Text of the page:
THE DETECTION of asbestos in drilling fluids used on Origin Energy sites has prompted a handful of investigations both within the company and across Queensland.

Origin, the operator of the Australia Pacific LNG project, suspended drilling across 12 rigs after being informed that an imported product used in drilling fluids, known as Nutplug, had been found to contain asbestos.

Origin was quick to act, not only making the decision to halt drilling, but quarantining all stocks of affected material.

The company also called in specialist waste removal experts to enable a safe disposal of the product after informing the authorities.

Origin has launched its own independent investigation into the incident, and has since sourced an alternative drilling fluids supplier.

The company was made aware of the contamination after being notified by product supplier Australian Mud Company (AMC), a subsidiary of Imdex.

Imdex withdrew the product from the market after being notified that “certain batches of Nutplug may contain a small proportion of asbestos,” it told the Australian Securities Exchange.

Imdex managing director Bernie Ridgeway told Oil & Gas Australia that the incident was out of left field and reiterated they had no idea asbestos was contained in the Nutplug product upon suppling it to Origin.

Mr Ridgeway would not be drawn on how many batches of Nutplug contained the asbestos or how wide-spread the contamination could be, but did say the chances of people being affected were small.

Imdex would not reveal the origin of the product when asked by Oil & Gas Australia, except to say the group was a reputable supplier.

However, Oil & Gas Australia has been made aware that the product was sourced back to an unidentified Chinese supplier.
A spokesperson for the Queensland Department of Natural Resources and Mines said the Department had become aware of the supplier adding the asbestos for unidentified reasons.

“The Chinese company added a small quantity of asbestos to its Nutplug product for reasons as yet unknown but failed to inform companies it supplies of this fact,” the spokesperson said in an emailed statement to Oil & Gas Australia.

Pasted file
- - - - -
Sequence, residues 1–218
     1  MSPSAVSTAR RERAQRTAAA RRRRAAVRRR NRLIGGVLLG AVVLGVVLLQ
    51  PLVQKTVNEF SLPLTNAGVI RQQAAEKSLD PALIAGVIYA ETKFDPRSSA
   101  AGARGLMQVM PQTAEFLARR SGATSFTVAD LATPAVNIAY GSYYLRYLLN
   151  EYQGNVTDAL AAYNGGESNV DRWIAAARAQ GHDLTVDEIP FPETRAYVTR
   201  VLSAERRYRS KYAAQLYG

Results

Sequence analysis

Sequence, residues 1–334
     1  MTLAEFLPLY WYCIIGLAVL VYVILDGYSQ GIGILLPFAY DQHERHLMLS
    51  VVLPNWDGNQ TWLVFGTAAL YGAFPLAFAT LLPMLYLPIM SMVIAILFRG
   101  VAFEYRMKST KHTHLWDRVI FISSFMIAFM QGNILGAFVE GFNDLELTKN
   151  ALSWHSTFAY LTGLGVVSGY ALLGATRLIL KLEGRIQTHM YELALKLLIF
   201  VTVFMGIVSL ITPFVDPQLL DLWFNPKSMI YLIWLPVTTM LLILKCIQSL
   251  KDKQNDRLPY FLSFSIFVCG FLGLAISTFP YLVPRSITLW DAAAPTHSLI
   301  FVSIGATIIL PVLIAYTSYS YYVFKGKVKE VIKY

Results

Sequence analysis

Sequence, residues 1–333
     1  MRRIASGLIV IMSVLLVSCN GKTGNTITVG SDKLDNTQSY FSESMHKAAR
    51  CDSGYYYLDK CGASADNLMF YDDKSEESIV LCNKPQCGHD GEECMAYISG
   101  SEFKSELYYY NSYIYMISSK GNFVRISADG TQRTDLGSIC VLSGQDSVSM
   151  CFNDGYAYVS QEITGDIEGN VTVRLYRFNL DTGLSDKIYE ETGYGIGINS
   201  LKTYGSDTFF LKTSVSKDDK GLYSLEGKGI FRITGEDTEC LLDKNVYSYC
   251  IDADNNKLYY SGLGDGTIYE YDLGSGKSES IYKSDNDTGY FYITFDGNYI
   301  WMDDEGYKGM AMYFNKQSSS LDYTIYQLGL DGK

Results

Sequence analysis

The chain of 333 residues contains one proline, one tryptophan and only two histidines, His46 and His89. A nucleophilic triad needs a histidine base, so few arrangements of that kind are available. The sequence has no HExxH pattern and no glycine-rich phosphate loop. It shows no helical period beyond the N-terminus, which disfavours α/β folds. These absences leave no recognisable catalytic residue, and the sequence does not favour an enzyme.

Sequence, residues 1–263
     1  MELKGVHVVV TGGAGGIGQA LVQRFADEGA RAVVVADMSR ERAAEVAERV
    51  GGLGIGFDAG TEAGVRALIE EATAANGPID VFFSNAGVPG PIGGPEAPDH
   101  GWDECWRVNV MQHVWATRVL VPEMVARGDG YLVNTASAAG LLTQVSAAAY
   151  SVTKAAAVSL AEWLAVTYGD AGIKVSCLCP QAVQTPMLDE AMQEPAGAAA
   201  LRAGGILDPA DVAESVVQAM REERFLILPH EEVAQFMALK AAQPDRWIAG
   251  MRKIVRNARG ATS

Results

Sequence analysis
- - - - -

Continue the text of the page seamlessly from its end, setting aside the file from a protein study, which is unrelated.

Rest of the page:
“The Petroleum and Gas Inspectorate immediately alerted other petroleum and gas operators about this imported Chinese Nutplug and requested they take appropriate action to determine whether it was being used in their drilling operations and, if so, to cease its use.”

The inspectors also met with AMC to determine if the Nutplug additive had been supplied to any other companies operating in Queensland.

“The department was advised the Chinese manufacturer of Nutplug does not supply this product to other Australian suppliers; and that no other petroleum and gas companies operating in Queensland are using this particular Chinese product,” the spokesperson confirmed.

“This supply problem is easily rectified by petroleum and gas companies not using the Nutplug product sold by this Chinese supplier.”

Nutplug is a natural cellulose product made from ground almond, walnut or pecan nut husks sometimes added to drilling mud fluids as a granular lubricant to reduce the drag and torque of drill pipes and collars.

An Origin spokesman told Oil & Gas Australia that natural nut-based products, such as Nutplug, were routinely used by the drilling industry all over the world.

Origin would not provide details on its quality control testing procedures of fracking products and would not provide information on whether this incident may spark a review of its procedures governing imported products.